Ongoing Volatility Explained…

The headlines are endless…

Let’s break down what we’re hearing.

The Market
Last Thursday’s decline was most likely in response to the Fed’s rate increase. It’s important to remember that this is normal and a typical level of volatility. It is understandable though, how these dramatic shifts could shake even the most confident investor.


Inflation is in the news. Barring new developments (always possible, but not expected), inflation should peak in the next month or two. Thankfully, inflation is expected to decline rapidly thereafter (again, barring new unexpected developments).


Interest Rates
Interest rates on the other hand are following a different path. Interest rates started rising in late 2020 and are expected to rise, not for another 2, 3, or 4 years, but instead for the next 2, 3, or 4 decades. The reasons for this are solid and robust, and are driven by economics, societal pressures, income/wealth inequality, and long-term governmental policies.


War in Ukraine
The war in Europe remains the primary wildcard in the mix. It could take us in either direction, but remains inherently unforecastable at this instant. Both the stock and bond markets have done a good job of already fully discounting a middle path for the European war. Unfortunately, that war could surprise on the upside or on the downside, and by a wide margin. Strong directional bets on the future course of Europe are highly perilous.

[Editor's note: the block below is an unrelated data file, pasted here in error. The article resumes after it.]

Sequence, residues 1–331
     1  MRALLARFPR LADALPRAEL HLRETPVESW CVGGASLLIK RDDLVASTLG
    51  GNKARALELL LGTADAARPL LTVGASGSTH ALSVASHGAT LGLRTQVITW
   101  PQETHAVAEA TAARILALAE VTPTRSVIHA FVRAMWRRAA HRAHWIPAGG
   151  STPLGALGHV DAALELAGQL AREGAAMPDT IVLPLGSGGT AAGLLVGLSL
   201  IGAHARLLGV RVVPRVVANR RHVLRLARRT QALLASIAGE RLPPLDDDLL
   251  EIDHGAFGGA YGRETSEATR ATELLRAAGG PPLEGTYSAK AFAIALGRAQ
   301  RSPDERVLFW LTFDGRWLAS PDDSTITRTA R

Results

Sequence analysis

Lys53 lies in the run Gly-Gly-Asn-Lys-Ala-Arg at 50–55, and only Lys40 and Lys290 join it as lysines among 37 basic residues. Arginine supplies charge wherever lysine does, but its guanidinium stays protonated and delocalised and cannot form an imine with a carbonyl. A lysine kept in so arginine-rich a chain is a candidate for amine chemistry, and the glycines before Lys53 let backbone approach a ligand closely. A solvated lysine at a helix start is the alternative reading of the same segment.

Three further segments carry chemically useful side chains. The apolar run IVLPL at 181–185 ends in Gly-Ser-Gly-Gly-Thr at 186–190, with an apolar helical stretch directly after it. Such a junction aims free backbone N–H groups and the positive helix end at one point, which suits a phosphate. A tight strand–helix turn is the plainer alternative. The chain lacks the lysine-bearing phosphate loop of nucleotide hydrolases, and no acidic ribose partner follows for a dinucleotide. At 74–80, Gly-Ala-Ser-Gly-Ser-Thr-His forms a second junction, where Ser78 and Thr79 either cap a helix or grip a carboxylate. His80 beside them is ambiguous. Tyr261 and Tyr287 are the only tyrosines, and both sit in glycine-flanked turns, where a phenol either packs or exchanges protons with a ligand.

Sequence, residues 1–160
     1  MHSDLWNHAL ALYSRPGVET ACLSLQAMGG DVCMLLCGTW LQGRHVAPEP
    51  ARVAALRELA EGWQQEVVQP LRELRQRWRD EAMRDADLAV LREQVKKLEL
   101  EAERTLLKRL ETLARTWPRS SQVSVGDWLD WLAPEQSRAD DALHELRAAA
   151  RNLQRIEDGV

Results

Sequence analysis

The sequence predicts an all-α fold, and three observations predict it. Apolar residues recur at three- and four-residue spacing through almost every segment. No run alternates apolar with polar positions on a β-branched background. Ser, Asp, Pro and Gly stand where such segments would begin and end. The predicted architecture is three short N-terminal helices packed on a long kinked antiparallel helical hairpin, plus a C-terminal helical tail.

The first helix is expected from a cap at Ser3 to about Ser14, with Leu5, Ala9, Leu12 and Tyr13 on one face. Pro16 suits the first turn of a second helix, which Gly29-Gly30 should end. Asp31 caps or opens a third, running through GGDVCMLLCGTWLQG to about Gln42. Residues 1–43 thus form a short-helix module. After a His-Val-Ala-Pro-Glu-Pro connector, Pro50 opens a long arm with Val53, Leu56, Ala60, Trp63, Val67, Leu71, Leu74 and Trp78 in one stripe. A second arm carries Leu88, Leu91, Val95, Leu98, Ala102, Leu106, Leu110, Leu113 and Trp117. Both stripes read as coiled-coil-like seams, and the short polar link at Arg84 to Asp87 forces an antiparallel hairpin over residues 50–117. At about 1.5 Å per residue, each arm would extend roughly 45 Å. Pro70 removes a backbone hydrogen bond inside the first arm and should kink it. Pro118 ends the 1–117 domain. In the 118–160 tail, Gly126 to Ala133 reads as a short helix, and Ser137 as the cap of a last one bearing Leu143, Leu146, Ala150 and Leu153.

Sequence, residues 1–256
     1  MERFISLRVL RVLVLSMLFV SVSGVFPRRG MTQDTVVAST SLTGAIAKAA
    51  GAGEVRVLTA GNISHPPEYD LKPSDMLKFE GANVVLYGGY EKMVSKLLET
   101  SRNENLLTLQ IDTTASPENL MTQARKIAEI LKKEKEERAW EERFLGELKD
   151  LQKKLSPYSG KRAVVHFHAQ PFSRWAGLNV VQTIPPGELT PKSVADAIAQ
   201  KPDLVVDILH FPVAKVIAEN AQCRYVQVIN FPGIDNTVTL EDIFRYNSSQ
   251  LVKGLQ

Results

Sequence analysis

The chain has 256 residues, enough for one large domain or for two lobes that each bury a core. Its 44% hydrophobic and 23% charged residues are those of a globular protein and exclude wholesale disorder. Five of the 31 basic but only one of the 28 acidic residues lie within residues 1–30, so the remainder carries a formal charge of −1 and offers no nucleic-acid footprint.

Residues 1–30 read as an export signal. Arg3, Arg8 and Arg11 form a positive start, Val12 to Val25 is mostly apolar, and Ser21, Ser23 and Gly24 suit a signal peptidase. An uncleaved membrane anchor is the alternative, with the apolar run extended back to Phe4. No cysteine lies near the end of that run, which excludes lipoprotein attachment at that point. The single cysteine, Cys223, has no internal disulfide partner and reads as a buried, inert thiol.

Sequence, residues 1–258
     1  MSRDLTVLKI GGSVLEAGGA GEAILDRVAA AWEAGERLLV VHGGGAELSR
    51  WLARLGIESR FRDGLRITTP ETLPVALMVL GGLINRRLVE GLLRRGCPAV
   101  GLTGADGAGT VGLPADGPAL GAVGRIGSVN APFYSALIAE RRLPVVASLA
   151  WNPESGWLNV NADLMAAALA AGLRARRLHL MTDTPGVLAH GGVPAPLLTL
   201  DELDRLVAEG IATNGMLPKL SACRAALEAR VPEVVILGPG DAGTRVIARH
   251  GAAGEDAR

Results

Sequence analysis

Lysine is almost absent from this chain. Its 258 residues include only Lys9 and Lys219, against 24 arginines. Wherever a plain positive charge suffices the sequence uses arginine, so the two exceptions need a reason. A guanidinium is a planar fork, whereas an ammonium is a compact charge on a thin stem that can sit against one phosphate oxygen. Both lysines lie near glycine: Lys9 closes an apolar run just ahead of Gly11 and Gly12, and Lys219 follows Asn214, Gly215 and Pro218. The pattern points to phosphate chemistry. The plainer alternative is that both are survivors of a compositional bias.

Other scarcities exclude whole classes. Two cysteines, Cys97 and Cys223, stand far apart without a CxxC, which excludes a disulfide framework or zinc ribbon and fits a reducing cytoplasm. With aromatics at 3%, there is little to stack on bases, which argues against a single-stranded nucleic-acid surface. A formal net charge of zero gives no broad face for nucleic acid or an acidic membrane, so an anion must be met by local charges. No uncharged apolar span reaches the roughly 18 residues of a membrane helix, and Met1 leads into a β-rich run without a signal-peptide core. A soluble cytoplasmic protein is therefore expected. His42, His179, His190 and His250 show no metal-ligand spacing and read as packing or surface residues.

Let’s take a step back
Earlier in the year, we shared these two charts from J.P. Morgan Asset Management. Now is a great time to revisit these impactful visuals!

This first chart shows that despite intra-year drops of 14.0%, annual returns were positive in 32 of 42 years.

This second chart shows the impact to an investor should an investor choose to exit the market during downturns.

Now, take a deep breath. It is time for patience, discipline, and a long-term view. Turn off the noise and remember that we’ve planned for these downturns, and we will continue to monitor your situation on an ongoing basis.

If you have any questions at all, please do not hesitate to reply to this email or call anytime.

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